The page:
Court will decide fate of Nacchio next week
If the appeals panel upholds his insider-trading conviction, few
options will remain.
By Andy Vuong
Sunday, Devember 9, 2007
The game will be on the line for former Qwest chief executive
Joe Nacchio next week when a three-judge panel hears the appeal
on his insider-trading conviction.
"It's definitely his best chance to get the conviction
attorney and former federal prosecutor Rick Kornfeld.
"When you have an appellate argument, that's kind of the Super
Bowl of the case."
That's because Nacchio's options will be extremely limited if
the panel upholds his conviction.
The 10th U.S. Circuit Court of Appeals in
will disclose Monday which judges have been assigned to the
Up to this point, the appeal has been a paper battle between
defense attorney Maureen Mahoney and Justice Department attorney
Mahoney and Oestreicher, both based in
D.C., will each have 15 minutes on
Dec. 18 to make their first and only live remarks to the panel
that will decide Nacchio's fate.
If the appeal fails, Nacchio can ask the same panel to rehear
the case as well as seek an "en banc" review, meaning all of the
judges in the 10th Circuit would hear the case. Both are
As a last resort, he can petition the Supreme Court to take the
case, a request that is granted only about 1 percent of the
The three-judge panel will consider the case before rendering a
decision, but it has been set for expedited review.
Nacchio remains free on bail pending the outcome of his appeal —
an indication that the appeal has substance.
After a month-long trial in
federal court, Nacchio was convicted in April on 19 counts of
illegal insider trading connected to his sale of $52 million in
Qwest stock in early 2001. He was acquitted on 23 other
He was sentenced to six years in prison and ordered to forfeit
the $52 million in ill-gotten gains and pay $19 million in
While both Mahoney and Oestreicher will have prepared remarks
for the Dec. 18 hearing, it's likely they'll spend most of their
time answering questions from the judges, experts say.
Both sides have already filed briefs detailing their arguments.
Once the names of the judges are disclosed, the attorneys will
review those judges' case histories.
"They'll do a much more intense review of those judges'
decisions that might be relevant to the case, those judges'
judicial philosophies and approaches to argument," said Marcy
Glenn, head of appellate practice at Holland & Hart. "The
lawyers will factor all of that into how they present their
Kornfeld said oral arguments are "real important" to the case.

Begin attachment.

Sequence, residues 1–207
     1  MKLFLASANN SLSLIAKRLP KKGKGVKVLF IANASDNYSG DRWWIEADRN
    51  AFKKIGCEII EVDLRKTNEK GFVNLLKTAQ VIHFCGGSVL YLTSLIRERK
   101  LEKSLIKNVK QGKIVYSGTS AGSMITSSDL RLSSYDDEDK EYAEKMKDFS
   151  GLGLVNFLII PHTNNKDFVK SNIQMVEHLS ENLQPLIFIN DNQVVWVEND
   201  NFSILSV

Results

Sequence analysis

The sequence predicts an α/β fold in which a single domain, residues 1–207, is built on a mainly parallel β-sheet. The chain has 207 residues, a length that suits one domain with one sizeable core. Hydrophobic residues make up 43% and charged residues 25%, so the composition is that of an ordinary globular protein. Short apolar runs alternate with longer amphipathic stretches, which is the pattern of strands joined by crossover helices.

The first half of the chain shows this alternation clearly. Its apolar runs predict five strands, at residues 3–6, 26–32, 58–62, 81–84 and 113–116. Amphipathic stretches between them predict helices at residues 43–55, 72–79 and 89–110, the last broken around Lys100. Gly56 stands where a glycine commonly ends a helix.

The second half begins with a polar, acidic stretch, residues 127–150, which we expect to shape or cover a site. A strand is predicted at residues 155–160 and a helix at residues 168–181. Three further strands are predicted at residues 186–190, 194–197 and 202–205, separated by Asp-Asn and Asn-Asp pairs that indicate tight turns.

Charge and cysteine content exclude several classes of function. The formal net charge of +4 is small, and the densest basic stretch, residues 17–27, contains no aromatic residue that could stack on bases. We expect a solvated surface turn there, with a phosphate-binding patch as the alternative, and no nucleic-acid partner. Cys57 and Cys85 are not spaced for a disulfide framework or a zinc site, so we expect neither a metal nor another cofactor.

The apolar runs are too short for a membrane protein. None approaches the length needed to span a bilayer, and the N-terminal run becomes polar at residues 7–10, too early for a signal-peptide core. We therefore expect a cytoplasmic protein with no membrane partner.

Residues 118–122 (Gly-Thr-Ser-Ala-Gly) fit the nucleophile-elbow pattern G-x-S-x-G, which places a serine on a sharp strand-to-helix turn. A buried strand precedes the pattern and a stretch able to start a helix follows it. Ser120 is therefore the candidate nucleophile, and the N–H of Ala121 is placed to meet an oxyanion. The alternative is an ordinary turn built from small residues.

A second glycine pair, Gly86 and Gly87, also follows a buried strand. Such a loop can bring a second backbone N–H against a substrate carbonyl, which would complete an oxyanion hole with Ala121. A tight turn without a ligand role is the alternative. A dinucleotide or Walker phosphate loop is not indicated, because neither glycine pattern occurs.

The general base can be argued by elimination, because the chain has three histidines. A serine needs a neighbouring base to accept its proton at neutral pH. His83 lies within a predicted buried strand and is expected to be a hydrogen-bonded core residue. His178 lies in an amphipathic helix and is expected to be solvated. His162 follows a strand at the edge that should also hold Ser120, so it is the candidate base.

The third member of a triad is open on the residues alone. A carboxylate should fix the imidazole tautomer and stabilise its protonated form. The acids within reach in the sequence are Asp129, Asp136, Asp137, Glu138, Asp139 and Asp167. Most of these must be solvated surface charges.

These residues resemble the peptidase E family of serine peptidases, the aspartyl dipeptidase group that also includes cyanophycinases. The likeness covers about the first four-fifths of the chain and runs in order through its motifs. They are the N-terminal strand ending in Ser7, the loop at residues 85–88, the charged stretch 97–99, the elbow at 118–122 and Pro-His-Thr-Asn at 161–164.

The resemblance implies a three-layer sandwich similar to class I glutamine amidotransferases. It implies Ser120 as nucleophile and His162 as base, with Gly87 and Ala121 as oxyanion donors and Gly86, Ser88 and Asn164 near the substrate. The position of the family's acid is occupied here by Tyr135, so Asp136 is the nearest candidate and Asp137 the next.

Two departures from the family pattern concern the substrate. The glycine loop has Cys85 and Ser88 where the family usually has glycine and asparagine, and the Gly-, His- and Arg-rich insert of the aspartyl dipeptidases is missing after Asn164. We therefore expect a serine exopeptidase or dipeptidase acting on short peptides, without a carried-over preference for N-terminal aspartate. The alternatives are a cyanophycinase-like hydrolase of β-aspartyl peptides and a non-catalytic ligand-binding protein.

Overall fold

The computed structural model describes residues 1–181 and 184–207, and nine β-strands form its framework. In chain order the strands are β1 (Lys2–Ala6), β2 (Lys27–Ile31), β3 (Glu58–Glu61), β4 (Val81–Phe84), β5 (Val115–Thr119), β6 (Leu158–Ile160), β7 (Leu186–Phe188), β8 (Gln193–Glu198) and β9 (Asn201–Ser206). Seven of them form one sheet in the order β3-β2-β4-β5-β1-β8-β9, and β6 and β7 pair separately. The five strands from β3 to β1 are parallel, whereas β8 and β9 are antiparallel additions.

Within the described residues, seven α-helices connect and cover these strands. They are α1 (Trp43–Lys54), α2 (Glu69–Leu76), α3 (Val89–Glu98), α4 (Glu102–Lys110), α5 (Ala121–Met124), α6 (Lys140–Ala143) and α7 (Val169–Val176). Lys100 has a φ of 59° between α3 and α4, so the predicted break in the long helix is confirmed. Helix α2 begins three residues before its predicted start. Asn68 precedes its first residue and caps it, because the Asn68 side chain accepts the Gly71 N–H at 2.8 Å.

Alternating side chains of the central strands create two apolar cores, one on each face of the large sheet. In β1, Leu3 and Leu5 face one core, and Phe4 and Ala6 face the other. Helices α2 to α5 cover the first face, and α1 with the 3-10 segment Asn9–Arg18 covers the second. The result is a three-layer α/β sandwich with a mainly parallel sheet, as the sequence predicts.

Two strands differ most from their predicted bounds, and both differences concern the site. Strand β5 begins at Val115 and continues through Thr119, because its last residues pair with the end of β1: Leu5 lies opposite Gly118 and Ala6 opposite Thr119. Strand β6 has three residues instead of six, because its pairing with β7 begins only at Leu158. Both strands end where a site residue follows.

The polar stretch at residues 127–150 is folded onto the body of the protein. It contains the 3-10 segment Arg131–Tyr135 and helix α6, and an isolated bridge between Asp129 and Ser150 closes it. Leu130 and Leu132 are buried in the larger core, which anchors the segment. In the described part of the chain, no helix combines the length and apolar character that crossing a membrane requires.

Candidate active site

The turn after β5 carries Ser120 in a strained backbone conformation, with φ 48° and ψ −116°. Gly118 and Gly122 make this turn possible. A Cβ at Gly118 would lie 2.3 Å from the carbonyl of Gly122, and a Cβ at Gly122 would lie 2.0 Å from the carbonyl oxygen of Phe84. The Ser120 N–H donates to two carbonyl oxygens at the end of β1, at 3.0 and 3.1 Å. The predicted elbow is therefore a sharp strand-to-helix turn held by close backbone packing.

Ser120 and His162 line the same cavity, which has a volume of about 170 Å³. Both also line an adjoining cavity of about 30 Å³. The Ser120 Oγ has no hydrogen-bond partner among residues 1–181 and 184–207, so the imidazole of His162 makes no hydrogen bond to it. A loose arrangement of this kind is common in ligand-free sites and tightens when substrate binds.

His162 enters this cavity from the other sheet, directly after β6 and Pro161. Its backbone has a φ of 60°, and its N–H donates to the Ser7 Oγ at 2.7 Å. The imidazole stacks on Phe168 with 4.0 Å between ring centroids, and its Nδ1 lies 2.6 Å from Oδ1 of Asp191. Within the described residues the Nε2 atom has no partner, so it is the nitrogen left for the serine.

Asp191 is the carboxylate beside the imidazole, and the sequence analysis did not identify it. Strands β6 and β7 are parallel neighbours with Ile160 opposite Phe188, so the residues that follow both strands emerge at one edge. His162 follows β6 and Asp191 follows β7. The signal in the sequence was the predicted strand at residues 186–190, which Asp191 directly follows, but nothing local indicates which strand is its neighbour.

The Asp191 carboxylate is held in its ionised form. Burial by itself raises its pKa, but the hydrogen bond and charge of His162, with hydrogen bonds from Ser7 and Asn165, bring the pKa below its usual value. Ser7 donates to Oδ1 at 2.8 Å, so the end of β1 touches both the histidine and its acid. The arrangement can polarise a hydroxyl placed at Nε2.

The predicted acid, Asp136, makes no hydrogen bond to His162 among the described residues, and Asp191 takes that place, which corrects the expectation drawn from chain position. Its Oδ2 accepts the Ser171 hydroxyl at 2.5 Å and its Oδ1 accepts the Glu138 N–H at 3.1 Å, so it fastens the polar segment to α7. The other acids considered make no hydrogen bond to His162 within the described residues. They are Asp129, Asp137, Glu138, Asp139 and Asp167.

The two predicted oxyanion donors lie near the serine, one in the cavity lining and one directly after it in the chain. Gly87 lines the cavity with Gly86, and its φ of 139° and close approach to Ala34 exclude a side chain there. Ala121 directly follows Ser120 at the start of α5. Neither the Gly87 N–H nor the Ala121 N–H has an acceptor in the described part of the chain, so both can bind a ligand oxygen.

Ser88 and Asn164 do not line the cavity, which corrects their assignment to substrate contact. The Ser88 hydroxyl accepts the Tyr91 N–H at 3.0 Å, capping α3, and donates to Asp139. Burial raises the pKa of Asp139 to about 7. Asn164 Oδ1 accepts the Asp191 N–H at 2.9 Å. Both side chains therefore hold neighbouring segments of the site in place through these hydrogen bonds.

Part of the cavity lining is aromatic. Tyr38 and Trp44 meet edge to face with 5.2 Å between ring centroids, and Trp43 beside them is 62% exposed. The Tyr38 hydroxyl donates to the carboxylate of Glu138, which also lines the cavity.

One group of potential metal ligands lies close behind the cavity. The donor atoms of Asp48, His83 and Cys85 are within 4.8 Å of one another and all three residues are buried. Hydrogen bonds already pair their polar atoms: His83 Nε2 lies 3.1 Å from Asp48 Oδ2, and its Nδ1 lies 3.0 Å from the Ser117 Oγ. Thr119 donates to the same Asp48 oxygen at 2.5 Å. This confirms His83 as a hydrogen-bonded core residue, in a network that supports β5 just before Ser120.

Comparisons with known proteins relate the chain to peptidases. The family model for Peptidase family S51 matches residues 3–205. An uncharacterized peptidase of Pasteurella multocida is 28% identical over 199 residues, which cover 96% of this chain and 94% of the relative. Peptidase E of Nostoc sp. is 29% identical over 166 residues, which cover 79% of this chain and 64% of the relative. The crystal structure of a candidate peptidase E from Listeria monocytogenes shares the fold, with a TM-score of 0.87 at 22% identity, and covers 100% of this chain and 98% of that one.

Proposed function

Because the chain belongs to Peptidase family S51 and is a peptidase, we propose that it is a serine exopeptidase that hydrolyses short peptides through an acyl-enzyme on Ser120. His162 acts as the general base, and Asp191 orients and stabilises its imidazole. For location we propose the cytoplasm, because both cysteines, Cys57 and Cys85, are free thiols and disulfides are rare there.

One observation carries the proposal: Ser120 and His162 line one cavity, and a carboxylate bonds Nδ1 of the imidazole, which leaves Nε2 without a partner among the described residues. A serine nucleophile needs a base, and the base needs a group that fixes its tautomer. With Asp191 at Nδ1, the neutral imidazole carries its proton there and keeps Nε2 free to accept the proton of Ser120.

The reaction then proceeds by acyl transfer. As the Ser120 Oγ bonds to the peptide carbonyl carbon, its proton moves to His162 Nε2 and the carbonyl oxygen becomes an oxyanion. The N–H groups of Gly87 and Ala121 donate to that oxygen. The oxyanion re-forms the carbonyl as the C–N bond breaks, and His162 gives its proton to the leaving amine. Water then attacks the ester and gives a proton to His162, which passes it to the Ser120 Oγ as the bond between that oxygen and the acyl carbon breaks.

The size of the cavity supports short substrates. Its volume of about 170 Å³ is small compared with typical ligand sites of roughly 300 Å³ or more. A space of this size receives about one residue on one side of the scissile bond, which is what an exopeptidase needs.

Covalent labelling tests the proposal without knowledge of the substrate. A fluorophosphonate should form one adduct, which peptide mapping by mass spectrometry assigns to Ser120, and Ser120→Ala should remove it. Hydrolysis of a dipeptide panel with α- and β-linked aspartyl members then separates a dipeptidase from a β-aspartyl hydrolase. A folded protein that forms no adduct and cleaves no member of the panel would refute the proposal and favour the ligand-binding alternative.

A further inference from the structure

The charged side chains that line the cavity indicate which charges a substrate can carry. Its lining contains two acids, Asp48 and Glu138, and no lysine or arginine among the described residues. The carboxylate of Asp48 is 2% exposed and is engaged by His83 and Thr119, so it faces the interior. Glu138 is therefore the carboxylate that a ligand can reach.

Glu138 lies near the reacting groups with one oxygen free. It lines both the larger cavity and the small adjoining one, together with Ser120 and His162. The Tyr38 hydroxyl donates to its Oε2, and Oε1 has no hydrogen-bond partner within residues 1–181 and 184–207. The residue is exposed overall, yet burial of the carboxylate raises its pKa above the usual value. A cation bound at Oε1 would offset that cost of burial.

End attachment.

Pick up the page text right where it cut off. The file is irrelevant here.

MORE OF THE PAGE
"You can sway a court under certain circumstances," he said.
In her appellate brief, Mahoney asserts there was insufficient
evidence to prove Nacchio sold Qwest stock on the basis of
material, nonpublic information.
Mahoney also argues that Judge Edward Nottingham erred by not
instructing jurors about the materiality of certain information
Nacchio received from his lieutenants.
The crux of the government's case was that Nacchio accelerated
his stock sales while he was warned privately that the company
was slipping financially. The defense contended that the
warnings were about internal revenue targets and not publicly
stated financial projections.
Mahoney is also challenging Nottingham's
refusal to allow a defense witness to testify about materiality
and rulings related to Nacchio's classified-information defense.
Nacchio's case is the only hearing on the court's calendar for
Dec. 18, which opens the door for the hearing to run longer than
the allotted 30 minutes.
The three-judge panel can uphold Nacchio's conviction, acquit
him on the charges or grant him a new trial. If the
conviction is upheld, the panel also will rule on Mahoney's
request for a lighter sentence.
Nacchio is not required to attend the hearing, but Kornfeld said
he expects Nacchio's attorneys to encourage him to show up.
"You want those judges to see the human being that they're
deciding about," Kornfeld said.
During his five-year tenure, Nacchio led Denver-based Qwest
through tremendous growth. But the company teetered on the
brink of bankruptcy in the summer of 2002 amid an accounting
scandal and the tech downturn. Nacchio was ousted in June
2002, and the company later restated more than $2 billion in
revenue booked under Nacchio's watch.
Andy Vuong: 303-954-1209 or